Professor Alexander F. Moodie - 75 years
Acta Cryst. (1999). A55, 103-104
Professor Alexander F. Moodie
In the course of the fifty years since he joined the Chemical Physics Section of CSIRO in Melbourne, Alex Moodie has been a key figure in some of the major developments in electron diffraction and electron microscopy. He has been a leader in the development of the theoretical basis for the formulation and application of many-beam dynamical diffraction processes. He has made important contributions to the instrumental techniques and he has demonstrated how the methods may be applied to current problems of solid-state science. His influence on the development of the subject areas has been profound and much broader than may be suggested by a review of his publications. Alex has always preferred oral communications to written ones. He has always taken a lively interest in what everyone around him is doing and his enthusiasm and insight have stimulated the creativity of many of his colleagues. His ability to share his great enthusiasm for new ideas and concepts has been an inspiration on many occasions.
The early work on the multislice formulation of dynamical electron diffraction, a new approach to the problem of the dynamical interactions of large numbers of diffracted electron beams, was the basis for the award to Alex and his associate John Cowley of the first Ewald Prize of the International Union of Crystallography. This was a development originating from his re-discovery of the Fourier-image phenomenon (the Talbot effect), which had been buried in the literature and lost for almost 50 years. After developing a proper theoretical description for this phenomenon, based on Alex's profound knowledge of physical-optics theory, he and John Cowley realised that the optics of self-focusing periodic objects could lead to a new, physical-optics, approach to the description of the interaction of electron waves with crystals. A particular significance of this `multislice' formulation of the dynamical diffraction theory is that it forms the basis for most of the computer programs used for the simulation of the high-resolution electron-microscope images of crystals. It is also routinely used in the computation of electron diffraction intensities, particularly in the form of convergent-beam electron diffraction patterns.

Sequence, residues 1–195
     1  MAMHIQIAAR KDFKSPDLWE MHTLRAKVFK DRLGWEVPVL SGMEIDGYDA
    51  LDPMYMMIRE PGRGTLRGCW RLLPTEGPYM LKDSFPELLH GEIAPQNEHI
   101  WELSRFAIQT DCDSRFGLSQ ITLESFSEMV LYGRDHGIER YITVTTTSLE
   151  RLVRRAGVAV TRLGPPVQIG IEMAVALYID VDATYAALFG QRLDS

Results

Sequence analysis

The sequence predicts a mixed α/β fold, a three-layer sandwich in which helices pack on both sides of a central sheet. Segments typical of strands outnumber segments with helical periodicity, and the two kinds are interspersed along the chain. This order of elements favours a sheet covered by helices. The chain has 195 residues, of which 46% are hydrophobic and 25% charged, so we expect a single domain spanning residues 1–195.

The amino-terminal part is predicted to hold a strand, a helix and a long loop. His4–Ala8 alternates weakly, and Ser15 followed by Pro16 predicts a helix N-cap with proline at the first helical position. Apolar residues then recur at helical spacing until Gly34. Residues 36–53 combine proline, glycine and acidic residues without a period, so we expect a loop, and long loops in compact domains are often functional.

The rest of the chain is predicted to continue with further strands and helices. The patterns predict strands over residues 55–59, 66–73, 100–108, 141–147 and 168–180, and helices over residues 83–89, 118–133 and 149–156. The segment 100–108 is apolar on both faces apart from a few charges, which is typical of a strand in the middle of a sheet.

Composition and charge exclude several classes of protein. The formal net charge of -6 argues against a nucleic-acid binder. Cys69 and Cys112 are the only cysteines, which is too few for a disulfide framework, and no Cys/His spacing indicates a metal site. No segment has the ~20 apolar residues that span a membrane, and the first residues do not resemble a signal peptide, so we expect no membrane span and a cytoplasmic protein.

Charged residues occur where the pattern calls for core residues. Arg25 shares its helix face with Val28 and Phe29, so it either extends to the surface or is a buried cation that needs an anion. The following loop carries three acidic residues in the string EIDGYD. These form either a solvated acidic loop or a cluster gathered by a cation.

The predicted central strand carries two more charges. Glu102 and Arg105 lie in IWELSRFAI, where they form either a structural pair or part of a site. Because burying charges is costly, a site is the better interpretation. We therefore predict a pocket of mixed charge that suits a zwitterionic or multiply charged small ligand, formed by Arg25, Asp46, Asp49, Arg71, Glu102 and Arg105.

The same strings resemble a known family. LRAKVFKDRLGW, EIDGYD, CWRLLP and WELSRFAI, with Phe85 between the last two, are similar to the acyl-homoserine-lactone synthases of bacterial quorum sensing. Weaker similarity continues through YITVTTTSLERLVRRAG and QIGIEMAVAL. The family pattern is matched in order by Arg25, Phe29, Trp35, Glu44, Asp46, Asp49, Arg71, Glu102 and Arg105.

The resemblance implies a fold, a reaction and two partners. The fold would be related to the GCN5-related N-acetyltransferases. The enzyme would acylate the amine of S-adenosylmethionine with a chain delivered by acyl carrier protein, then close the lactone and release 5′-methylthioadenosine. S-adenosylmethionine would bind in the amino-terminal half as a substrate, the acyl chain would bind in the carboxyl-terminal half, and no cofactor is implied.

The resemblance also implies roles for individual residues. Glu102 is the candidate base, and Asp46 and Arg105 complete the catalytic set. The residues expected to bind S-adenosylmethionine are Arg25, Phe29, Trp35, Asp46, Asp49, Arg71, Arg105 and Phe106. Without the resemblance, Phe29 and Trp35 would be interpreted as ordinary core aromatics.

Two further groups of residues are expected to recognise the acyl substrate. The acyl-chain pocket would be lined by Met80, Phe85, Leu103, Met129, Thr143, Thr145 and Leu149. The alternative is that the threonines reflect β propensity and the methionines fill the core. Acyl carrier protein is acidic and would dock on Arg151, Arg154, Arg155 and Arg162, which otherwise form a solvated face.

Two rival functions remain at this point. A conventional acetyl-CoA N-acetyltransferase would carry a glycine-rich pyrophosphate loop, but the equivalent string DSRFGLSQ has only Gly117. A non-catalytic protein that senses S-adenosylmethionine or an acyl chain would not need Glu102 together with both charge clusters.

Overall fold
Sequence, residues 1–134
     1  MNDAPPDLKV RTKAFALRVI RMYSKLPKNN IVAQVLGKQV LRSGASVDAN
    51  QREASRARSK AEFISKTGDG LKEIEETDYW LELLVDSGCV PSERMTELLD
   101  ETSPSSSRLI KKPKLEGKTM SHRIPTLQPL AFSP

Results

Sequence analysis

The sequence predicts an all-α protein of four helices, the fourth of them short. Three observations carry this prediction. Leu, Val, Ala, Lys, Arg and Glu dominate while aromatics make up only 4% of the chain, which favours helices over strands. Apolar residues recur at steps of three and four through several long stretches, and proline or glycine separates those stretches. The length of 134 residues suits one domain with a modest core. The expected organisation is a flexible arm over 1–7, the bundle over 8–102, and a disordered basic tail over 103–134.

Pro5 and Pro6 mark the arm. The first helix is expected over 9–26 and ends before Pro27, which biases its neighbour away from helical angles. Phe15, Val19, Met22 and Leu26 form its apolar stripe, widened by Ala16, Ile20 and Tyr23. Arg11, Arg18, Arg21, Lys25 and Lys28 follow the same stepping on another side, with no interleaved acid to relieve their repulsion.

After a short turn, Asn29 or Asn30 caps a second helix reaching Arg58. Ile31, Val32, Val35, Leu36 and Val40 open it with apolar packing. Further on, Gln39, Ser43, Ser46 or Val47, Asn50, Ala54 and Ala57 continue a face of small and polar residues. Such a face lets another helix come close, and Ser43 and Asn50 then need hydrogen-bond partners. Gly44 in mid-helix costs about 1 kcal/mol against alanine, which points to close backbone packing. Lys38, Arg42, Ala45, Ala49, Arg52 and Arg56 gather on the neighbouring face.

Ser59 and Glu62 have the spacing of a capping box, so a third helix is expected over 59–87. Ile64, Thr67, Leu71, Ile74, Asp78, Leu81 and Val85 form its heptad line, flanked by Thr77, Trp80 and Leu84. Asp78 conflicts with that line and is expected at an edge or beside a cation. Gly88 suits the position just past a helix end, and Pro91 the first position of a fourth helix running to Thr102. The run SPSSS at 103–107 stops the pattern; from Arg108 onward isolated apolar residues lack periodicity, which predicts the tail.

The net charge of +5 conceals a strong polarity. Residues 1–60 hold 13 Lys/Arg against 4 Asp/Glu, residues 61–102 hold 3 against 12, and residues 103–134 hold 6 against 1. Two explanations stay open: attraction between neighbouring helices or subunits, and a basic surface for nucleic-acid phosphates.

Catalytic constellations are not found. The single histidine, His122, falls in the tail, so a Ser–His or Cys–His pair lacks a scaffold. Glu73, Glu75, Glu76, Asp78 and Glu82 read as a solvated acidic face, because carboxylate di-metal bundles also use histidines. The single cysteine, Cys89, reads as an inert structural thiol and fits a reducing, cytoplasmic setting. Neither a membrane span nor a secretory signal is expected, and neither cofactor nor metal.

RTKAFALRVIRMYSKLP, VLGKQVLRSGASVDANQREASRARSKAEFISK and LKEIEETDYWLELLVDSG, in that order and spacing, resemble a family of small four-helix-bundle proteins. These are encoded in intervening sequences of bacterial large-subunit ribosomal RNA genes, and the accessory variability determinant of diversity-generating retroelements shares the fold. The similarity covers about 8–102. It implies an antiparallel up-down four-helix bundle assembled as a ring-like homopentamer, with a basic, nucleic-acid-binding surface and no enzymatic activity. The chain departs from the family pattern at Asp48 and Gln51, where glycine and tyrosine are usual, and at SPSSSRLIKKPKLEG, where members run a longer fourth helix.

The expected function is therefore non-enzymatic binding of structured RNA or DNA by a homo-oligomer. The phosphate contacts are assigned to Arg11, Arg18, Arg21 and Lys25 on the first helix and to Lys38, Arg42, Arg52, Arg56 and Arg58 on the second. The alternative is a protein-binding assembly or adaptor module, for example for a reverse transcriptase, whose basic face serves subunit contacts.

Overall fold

Alex was greatly involved in the discussions that led to the first attempts by John Sanders and John Allpress to use an electron microscope to form direct images showing the arrangements of atoms in projections of the structure of thin crystals. He was largely instrumental in establishing the use of computer simulations to interpret such images, through his classical paper with Peter Goodman in 1974 and the series of papers with various co-authors that explored and tested the methods. In more recent years, particularly with Harry Whitfield, he demonstrated how the imaging and computing methods may be refined to provide greater accuracy in the interpretation of the structure images (or `lattice images', as Alex would say).